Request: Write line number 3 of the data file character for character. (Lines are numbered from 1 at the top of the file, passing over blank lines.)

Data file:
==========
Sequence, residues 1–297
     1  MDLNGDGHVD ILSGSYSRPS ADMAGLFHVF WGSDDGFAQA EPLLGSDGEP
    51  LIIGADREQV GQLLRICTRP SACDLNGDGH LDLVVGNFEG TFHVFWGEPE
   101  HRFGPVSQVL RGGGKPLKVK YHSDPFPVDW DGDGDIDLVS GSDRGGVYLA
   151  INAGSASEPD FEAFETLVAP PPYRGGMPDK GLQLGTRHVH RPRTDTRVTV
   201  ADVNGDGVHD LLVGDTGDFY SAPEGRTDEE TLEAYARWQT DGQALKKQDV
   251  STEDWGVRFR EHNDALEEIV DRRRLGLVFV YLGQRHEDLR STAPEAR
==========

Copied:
    51  LIIGADREQV GQLLRICTRP SACDLNGDGH LDLVVGNFEG TFHVFWGEPE